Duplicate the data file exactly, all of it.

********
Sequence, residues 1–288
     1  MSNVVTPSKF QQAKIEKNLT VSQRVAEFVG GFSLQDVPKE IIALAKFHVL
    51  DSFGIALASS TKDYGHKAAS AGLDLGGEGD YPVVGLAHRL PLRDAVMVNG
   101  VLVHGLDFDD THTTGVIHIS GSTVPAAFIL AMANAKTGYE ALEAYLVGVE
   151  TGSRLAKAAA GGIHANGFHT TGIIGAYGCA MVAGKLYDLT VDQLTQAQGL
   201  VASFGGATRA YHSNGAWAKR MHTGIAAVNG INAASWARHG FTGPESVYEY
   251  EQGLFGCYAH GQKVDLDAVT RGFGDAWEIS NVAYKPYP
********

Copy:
Sequence, residues 1–288
     1  MSNVVTPSKF QQAKIEKNLT VSQRVAEFVG GFSLQDVPKE IIALAKFHVL
    51  DSFGIALASS TKDYGHKAAS AGLDLGGEGD YPVVGLAHRL PLRDAVMVNG
   101  VLVHGLDFDD THTTGVIHIS GSTVPAAFIL AMANAKTGYE ALEAYLVGVE
   151  TGSRLAKAAA GGIHANGFHT TGIIGAYGCA MVAGKLYDLT VDQLTQAQGL
   201  VASFGGATRA YHSNGAWAKR MHTGIAAVNG INAASWARHG FTGPESVYEY
   251  EQGLFGCYAH GQKVDLDAVT RGFGDAWEIS NVAYKPYP